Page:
That process is different for everyone, and while it seems like a vaguely sappy idea in the broad description, Peter Chelsom is a guy who has managed to avoid sap with a certain amount of grace over the years. His films "Hear My Song," "Funny Bones," and "The Mighty" are all movies that have a great deal of heart, but that never give in to the easy or the cheap move. Here, he's working from a novel by Francois Lelord, and with his co-writers Maria von Heland and Tinker Lindsay, he's done his best to apply a light touch to the story of Hector (Simon Pegg), a psychiatrist who has a tidy, orderly life and who one day realizes that he's not qualified to talk to his patients about happiness because he's not entirely sure that he's happy himself.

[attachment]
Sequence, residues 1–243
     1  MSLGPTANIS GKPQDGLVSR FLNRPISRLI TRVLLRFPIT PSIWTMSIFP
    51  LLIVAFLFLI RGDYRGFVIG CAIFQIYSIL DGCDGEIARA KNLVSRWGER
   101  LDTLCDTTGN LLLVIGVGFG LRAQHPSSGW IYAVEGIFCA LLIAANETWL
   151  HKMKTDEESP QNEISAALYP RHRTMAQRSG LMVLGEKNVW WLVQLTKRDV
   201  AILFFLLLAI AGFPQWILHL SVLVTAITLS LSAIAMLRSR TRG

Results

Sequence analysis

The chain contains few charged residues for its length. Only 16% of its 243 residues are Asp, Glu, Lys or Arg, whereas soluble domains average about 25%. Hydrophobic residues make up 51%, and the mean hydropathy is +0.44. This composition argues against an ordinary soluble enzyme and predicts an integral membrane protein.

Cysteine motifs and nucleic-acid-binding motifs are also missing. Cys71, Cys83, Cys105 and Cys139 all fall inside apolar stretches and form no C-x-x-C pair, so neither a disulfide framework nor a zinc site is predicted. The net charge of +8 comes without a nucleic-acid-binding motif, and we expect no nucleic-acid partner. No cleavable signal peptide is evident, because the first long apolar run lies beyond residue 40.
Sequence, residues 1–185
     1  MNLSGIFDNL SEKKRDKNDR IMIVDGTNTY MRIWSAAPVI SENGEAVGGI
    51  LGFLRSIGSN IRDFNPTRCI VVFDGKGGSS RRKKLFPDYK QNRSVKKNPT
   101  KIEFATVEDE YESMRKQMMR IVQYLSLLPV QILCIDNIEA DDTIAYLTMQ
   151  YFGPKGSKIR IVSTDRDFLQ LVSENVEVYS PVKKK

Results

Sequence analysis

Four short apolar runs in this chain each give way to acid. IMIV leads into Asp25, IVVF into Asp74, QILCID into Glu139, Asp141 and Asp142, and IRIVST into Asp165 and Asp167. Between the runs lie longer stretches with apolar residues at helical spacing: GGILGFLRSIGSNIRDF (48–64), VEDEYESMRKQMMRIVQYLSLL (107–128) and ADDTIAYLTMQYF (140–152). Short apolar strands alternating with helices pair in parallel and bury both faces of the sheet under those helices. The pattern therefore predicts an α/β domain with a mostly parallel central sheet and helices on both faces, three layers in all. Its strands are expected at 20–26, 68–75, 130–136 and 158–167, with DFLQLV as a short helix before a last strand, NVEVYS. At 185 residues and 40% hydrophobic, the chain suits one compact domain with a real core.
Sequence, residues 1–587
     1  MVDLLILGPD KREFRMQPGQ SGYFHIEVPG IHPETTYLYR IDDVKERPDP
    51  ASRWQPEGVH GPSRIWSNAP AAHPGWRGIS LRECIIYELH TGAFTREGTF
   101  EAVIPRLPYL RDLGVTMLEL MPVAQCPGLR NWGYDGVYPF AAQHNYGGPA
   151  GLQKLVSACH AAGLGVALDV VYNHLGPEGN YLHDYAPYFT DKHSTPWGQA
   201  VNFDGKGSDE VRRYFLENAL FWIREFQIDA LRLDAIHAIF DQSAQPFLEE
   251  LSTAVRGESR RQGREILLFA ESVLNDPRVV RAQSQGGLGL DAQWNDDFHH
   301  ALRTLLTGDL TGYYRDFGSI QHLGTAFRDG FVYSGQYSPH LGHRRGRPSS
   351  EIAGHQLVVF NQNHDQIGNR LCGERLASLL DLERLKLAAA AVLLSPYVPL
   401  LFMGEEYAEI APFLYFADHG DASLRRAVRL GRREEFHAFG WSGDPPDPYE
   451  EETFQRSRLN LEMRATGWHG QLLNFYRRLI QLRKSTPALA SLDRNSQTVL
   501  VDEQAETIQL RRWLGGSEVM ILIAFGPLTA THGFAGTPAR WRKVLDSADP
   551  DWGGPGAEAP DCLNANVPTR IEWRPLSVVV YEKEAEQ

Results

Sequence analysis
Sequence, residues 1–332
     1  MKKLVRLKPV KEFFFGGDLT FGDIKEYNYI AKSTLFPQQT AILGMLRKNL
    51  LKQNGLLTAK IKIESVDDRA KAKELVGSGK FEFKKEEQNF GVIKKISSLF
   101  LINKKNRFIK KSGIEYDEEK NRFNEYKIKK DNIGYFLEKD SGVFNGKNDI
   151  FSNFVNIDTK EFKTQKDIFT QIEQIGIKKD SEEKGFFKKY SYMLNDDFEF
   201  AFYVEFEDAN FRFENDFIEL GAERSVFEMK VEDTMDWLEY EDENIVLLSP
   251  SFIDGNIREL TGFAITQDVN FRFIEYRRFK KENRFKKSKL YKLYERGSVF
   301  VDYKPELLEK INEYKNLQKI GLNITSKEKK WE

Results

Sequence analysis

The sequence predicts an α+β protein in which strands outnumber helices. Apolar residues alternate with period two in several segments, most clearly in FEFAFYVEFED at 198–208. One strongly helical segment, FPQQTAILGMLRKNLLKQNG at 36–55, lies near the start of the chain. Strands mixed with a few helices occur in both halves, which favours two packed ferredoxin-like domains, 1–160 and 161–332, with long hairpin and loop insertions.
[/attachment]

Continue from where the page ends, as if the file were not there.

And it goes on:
This comes as rather unpleasant news for his girlfriend Clara (Rosamund Pike), who works hard to make Hector's life as orderly as possible, and when he tells her that he's taking an open-ended trip around the world in search of whatever it is he's missing, she puts on a smiling face, but it guts her. Hector sets off having planned for anything, and at first I expected something very broadly comic. From the start, though, the film steers towards something more emotional, and it starts to build a respectable head of steam. The lessons that Hector picks up as he meets various people are genuine, some of them very small, some of them more profound, and there were several of them that I made note of for myself.